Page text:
Millions in Florida urged to evacuate as hurricane nears

Millions in Florida urged to evacuate as hurricane nears

SARASOTA, Florida--Residents of Florida's Gulf Coast on Tuesday boarded up homes, packed up their vehicles and headed for higher ground as Hurricane Ian drew near, threatening to bring a deadly storm surge and more than a foot of rain to some areas.


Ian churned across the southeastern edge of the Gulf of Mexico headed for Florida after slamming into Cuba earlier in the day, leaving the entire country without power, forcing mass evacuations and swamping fishing villages.
More than 2.5 million Floridians were under evacuation orders or warnings with the sprawling storm on track to make landfall as a Category 3 or Category 4 hurricane on Wednesday evening somewhere along Florida's Gulf Coast. A Category 3 storm on the five-step Saffir-Simpson scale carries maximum sustained winds of up to 129 miles per hour (208 km per hour). The latest 8 p.m. EDT hurricane advisory put Ian's top winds at 120 mph (195 km per hour).
Ian was most likely to come ashore south of Tampa near Sarasota, the National Hurricane Center (NHC) said. That region - home to miles of sandy beaches, scores of resort hotels and numerous mobile home parks - is a favourite with retirees and vacationers alike.
"I know I should be scared of this one, but I'm too busy to be scared. I just know we have to go," said John O'Leary, a jazz pianist from Tampa, said as he and his wife loaded food, water and family photos into their car before heading to his mother's house in Palm Harbor, 25 miles (40 km) to the west.
O'Leary, 36, was one of the thousands of motorists to hit the road as they fled low-lying areas in hopes of avoiding a potentially life-threatening storm surge that, according to forecasters, could reach 12 feet (3.7 meters) in the Sarasota area. While predictions remained imprecise for where the storm would come ashore, "the impacts are going to be far, far broader than just where the eye of the storm happens to make landfall," Governor Ron DeSantis said.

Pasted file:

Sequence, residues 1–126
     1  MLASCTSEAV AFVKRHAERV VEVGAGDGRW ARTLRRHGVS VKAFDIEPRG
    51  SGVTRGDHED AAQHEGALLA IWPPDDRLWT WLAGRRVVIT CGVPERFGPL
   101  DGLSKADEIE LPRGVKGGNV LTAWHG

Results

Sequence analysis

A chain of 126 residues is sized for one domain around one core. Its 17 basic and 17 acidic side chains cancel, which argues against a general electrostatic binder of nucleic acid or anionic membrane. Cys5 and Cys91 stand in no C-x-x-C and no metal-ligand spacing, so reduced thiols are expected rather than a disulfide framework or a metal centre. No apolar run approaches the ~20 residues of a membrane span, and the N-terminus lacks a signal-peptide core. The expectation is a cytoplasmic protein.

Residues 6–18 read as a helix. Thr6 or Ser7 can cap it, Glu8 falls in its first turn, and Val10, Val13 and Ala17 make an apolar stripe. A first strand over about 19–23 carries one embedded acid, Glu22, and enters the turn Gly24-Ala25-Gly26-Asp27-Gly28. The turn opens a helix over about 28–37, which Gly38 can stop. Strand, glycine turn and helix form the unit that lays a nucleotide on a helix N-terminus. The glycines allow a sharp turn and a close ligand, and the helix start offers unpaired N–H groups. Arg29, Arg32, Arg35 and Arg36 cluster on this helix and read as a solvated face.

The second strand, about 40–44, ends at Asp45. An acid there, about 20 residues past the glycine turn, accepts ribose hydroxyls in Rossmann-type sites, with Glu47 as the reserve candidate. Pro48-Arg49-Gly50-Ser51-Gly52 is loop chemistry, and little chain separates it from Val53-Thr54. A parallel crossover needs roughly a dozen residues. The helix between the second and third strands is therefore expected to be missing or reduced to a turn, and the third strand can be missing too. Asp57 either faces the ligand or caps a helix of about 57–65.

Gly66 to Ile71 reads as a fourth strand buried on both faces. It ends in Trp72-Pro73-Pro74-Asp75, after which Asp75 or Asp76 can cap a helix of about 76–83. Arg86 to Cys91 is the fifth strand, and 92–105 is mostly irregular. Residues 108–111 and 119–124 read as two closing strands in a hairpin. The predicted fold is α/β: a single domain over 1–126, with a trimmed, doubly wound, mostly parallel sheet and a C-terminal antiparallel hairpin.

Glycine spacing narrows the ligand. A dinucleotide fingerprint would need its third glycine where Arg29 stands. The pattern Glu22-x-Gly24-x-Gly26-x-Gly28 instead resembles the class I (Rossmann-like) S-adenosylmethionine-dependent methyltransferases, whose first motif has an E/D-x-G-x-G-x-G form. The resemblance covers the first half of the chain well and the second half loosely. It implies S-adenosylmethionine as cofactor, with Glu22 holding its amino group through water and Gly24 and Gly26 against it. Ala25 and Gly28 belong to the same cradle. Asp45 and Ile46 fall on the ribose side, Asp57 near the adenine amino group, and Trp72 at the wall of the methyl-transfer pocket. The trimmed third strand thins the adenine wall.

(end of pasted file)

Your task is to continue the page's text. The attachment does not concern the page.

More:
DeSantis warned of the potential for devastating Hurricane Harvey-like flooding that struck the Houston area in 2017, the result of a slow-moving storm piling up high water.
Parts of central Florida could see as much of 2 feet (0.6 meter) of rain from Ian, according to the National Weather Service. The NHC also issued extensive storm surge warnings for about half of western Florida's shoreline, with predictions of life-threatening coastal flooding up to 12 feet from wind-driven high surf.
Florida's director of emergency management, Kevin Guthrie, urged residents in evacuation zones to move to safety. "The time to evacuate is now. Get on the road," he said.
To ease traffic congestion, authorities suspended toll collections along major highways in central Florida, the Tampa Bay area and the interstate stretch across the Everglades known as Alligator Alley.
Some residents, such as Vanessa Vazquez, 50, a software engineer in St. Petersburg, said they planned to ride out the storm at home despite evacuation warnings. "I'm staying put," Vazquez said. "I have four cats and I don't want to stress them out. And we have a strong house."
If Ian strikes Tampa, it would be the first hurricane to make landfall in the area since the Tarpon Springs storm in 1921. It also may prove one of the costliest as the latest simulations projected storm-related damages ranging from $38 billion to more than $60 billion, Enki Research said on Tuesday.

The Daily Herald

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